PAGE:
To resolve these inventory uncertainties, we proposed that the Alberta and/or Canadian governments (1) adopt a measurement-based inventory that is updated regularly, (2) leverage reported fugitive emissions data, (3) improve reported data accuracy and conduct validation measurements, and (4) set a static emissions target. A measurement-based inventory would allow for the tracking of emissions annually and would remove the highly uncertain methods currently employed. Adding reported fugitives to the inventory could help resolve issues of modeled fugitive emissions and would assist regulators in understanding the most significant contributors to abnormal operating emissions. An improvement in operator reporting requirements and a validation of those data by independent measurement would lend more confidence to the emission magnitudes included in the inventory. Finally, setting reduction targets relative to the currently estimated 2012 inventory would limit any upward revisions to the estimate, meaning that as the federal inventory is improved in accuracy, more aggressive mitigation will be required to meet Canada’s methane emission targets.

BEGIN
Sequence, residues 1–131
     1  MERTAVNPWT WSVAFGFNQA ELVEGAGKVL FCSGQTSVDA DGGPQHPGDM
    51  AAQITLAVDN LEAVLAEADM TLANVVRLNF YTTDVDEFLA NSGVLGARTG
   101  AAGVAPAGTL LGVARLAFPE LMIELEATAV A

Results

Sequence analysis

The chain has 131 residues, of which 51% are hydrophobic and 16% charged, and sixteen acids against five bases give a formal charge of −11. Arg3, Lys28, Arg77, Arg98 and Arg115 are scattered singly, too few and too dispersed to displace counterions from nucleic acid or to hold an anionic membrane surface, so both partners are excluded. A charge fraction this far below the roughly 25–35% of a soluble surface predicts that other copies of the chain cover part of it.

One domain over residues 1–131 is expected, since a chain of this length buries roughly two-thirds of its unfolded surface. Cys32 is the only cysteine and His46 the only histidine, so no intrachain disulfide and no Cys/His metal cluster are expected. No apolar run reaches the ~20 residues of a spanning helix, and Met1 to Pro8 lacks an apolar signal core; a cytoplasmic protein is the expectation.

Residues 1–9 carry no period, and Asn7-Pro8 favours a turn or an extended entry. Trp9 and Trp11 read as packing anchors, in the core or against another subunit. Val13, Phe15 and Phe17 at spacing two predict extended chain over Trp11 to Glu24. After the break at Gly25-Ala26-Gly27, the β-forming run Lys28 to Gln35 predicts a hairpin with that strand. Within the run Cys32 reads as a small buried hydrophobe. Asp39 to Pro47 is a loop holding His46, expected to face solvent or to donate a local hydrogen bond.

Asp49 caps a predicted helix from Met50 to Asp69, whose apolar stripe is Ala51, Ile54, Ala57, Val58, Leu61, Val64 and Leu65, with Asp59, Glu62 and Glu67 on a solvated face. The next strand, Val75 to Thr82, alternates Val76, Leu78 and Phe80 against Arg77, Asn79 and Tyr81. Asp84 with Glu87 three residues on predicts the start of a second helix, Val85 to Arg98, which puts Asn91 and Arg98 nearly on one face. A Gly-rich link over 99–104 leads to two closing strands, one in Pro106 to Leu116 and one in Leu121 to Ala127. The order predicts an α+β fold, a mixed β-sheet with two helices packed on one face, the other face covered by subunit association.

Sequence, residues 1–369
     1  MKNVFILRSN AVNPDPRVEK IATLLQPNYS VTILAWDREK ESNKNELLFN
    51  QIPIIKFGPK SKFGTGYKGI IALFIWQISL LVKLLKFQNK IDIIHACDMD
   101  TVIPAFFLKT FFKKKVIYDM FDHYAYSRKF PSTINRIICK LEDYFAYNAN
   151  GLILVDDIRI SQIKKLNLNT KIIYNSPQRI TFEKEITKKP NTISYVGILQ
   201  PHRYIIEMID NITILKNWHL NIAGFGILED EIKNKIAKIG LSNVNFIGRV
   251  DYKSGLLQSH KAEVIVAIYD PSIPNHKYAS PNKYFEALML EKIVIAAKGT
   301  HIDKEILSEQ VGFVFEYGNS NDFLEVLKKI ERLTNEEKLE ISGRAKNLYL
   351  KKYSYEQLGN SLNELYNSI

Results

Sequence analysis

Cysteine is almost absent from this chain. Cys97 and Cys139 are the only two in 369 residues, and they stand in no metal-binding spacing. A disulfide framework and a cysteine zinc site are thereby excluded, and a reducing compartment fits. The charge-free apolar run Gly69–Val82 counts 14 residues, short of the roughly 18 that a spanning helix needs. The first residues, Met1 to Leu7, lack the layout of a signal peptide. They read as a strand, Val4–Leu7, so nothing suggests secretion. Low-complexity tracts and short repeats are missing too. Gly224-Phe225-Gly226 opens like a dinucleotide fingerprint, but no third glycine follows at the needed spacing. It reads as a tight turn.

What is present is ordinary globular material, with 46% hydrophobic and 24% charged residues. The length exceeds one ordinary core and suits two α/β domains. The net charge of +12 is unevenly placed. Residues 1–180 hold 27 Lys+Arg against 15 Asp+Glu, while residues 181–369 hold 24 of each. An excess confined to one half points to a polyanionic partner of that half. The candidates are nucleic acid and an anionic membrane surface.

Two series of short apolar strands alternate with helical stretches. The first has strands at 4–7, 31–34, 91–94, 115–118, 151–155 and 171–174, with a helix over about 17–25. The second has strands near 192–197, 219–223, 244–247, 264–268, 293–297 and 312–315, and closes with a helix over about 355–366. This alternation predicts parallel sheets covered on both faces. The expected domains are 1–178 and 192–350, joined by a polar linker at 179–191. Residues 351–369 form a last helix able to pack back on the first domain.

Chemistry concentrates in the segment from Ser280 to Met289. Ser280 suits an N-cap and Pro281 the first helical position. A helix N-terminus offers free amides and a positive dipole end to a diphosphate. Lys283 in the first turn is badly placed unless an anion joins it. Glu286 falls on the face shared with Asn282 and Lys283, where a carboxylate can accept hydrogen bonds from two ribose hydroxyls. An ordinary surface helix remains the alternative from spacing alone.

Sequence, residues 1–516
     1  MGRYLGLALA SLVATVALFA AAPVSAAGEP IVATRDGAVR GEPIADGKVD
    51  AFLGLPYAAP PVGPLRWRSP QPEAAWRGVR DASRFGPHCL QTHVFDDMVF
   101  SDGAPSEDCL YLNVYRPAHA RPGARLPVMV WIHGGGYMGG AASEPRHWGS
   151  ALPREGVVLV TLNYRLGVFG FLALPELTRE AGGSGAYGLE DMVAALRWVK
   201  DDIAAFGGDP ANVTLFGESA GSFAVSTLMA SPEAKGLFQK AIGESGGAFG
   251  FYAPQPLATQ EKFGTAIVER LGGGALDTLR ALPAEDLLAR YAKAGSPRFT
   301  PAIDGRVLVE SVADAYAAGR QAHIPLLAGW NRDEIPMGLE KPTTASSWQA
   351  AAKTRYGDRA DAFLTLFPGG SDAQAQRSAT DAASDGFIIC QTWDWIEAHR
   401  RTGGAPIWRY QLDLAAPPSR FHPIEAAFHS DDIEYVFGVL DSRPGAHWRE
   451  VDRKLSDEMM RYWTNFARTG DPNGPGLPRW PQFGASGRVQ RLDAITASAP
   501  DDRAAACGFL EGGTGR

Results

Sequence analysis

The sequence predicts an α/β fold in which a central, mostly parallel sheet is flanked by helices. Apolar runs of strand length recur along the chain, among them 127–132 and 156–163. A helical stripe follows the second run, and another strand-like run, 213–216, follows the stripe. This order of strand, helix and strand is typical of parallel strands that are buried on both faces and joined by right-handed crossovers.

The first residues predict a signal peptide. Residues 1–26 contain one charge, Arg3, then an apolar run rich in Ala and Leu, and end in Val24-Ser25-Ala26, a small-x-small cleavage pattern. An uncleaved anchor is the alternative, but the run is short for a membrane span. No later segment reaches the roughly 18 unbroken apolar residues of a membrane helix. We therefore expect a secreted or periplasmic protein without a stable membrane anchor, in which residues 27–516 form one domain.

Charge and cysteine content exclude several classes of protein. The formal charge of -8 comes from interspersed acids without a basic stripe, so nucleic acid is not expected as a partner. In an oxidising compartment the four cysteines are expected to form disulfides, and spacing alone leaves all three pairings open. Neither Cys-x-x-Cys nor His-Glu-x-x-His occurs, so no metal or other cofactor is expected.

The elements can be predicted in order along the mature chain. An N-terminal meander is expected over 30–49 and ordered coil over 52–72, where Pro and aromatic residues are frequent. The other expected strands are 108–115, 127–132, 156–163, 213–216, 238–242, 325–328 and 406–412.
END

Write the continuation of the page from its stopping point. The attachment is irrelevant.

Data were accessed through publicly available databases and cited reports. Operator-reported data (Conventional Volumetric Data) can be downloaded from the Petrinex database (https://www.petrinex.ca/PD/Pages/APD.aspx; 2017–2021) and by contacting the Alberta Energy Regulator Information Request desk (informationrequest@aer.ca; 2011–2016).

The supplemental files for this article can be found as follows:

Supplemental information is provided as an attached document, Text S1, in PDF format.

We would like to thank Steve Smyth and Owen Barrigar (Environment and Climate Change Canada) for their invaluable insight regarding federal inventory methodologies and their continued efforts to improve national emission estimates from the oil and gas industry.

This work has been generously supported by the McCall MacBain Foundation.

The authors declare that they have no known competing interests.

Contributed to the conception and design: SPS, DX, HZL, KM.

Contributed to analysis and interpretation of data: SPS, DX.

Drafted and/or revised the article: SPS, DX, HZL, KM.

Approved the submitted version for publication: SPS, DX, HZL, KM.

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How to cite this article: Seymour, SP, Xie, D, Li, HZ, MacKay, K. 2022. Sources and reliability of reported methane reductions from the oil and gas industry in Alberta, Canada. Elementa: Science of the Anthropocene 10(1). DOI: https://doi.org/10.1525/elementa.2022.00073

Domain Editor-in-Chief: Detlev Helmig, Boulder AIR LLC, Boulder, CO, USA

Guest Editor: Brian Lamb, Washington State University, Pullman, WA, USA

Knowledge Domain: Atmospheric Science

This is an open-access article distributed under the terms of the Creative Commons Attribution 4.0 International License (CC-BY 4.0), which permits unrestricted use, distribution, and reproduction in any medium, provided the original author and source are credited. See http://creativecommons.org/licenses/by/4.0/.